The Impact of Empowerment on your Employees - Interview with Elisa Corbetta

15th May, 2023
Our motto at Beaconforce says it all, Empower your People. Grow Your Business.
We believe that Employee Empowerment, while sometimes overlooked, is the key to ongoing success within any organization.

Today we have the pleasure of interviewing Elisa Corbetta, Wellbeing Designer, Neuroempowerment Coach & Leadership Development Expert.

She is an activist of the WellBrain Project, MIDA's research and development hub dedicated to research, dissemination, training, and consulting for well-being in organizations.

For more than 15 years she has been experimenting with the self-empowerment approach to facilitate processes of transformation and sustainability in organizations, working specifically with leadership teams, managers, high potentials, and newcomers.

We are very proud to have her share her thoughts, insights, and expertise on the importance of Employee Empowerment.

Because it no longer makes any sense not to. Today we have scientific, statistical, empirical evidence that shows that only by taking care of the well-being of their people can companies continue to prosper. On the contrary, if they do not, they will face a decline in performance, productivity, innovation. Not only that, they will be exposed to the loss of their talent and to ever-widening phenomena of turnover. I am not describing an imaginary doomsday scenario, but an emerging picture.

The data we have available show that globally only 21 percent of people are actually engaged at work (Gallup research) and in Italy the turnover rate has increased by 73 percent in the last year (Milan Polytechnic's HR Observatory), just as voluntary resignations in the first quarter of 2022 compared to the first quarter of 2020 have increased by 85 percent (source Ministry of Labor).

Neuroscientific research is able to correlate personal well-being with skills that are crucial at work today, such as mental flexibility, decision-making, lateral thinking, and concentration. In particular, Barbara Fredrickson, a professor in the department of psychology at the University of North Carolina, has observed how positive emotions have a favorable impact on activating our more sophisticated cognitive capacities, while negative emotions force us into habitual patterns of thinking, stiffen us, and cause us to lose focus.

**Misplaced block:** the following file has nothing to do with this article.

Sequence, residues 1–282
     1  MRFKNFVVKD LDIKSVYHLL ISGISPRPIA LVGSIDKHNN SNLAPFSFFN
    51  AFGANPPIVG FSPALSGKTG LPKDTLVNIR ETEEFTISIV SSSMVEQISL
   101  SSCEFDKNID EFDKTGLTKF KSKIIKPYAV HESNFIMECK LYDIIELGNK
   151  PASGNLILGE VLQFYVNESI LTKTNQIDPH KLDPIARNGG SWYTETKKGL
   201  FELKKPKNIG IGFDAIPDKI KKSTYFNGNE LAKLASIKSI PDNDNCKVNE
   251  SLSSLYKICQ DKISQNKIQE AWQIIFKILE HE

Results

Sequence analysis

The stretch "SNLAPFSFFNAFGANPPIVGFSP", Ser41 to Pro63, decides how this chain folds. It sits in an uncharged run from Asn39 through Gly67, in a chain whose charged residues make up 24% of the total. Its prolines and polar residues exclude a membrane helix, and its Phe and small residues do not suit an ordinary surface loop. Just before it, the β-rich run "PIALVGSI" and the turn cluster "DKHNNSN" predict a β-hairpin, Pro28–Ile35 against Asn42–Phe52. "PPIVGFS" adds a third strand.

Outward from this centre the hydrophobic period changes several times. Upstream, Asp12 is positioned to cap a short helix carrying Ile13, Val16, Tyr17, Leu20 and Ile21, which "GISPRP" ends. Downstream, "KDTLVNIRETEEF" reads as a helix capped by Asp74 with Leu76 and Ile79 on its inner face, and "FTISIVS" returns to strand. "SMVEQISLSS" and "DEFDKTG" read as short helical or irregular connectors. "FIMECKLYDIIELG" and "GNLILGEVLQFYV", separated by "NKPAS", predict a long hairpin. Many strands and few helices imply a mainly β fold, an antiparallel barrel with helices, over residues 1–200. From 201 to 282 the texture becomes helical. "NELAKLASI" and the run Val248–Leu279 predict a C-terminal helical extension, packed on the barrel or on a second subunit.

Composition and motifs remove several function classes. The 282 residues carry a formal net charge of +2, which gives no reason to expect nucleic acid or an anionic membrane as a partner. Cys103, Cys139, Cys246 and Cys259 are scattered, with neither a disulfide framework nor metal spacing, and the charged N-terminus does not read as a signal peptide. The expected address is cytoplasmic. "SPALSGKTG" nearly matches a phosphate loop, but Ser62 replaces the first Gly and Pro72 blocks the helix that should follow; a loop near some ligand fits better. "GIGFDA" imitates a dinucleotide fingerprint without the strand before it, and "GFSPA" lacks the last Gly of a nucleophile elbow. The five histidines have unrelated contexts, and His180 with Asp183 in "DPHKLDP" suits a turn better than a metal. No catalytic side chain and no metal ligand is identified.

So going back to the question why it is important to deal with people's well-being at work these are some answers that I am convinced can make inroads even among managers who still underestimate this aspect, in favor of a totalizing performance culture. Then there is an aspect that has to do with the value in itself of taking care of people's well-being at work. Beyond the fact that this can be a forward-looking strategy to have people in the company who are well, and who therefore also function better, and perform better, we at the WellBrain Project believe that all-around well-being is a goal worth pursuing in itself, because it is good, because it is human, because it represents a noble purpose.

I can start by saying what wellness is not. Wellness is not just being well, in the sense of feeling pleasant emotions. It is not just being relaxed/and. It does not mean total and constant contentment and satisfaction.
I say this because all too often there is a tendency to simplify the concept of wellbeing, which is instead articulated, rich, and contains within itself several facets, such as the quality of relationships at work, involvement in one's activity, the possibility of accessing deep states of concentration, the opportunity to know and enhance one's talents, to make progress, to grow, in a word to flourish.

We can therefore translate well-being as "being well," meaning "being of value, worth, dignity, not just "being well."
This way of conceiving wellbeing suggests that dealing with it does not so much mean making decisions that do not displease people or implementing only initiatives aimed at improving the team climate, but it also means creating the conditions for people to express their best, and this, to return to the initial point, could also contemplate commitment, fatigue, frustration.

Well-being is, therefore, a broader and more articulated construct than pleasure or satisfaction, and it also contemplates self-fulfillment, the ability to contribute proactively to corporate goals, and to perform to the best of one's ability.

Most of the companies we work with, from which we are called, have already launched wellness promotion initiatives.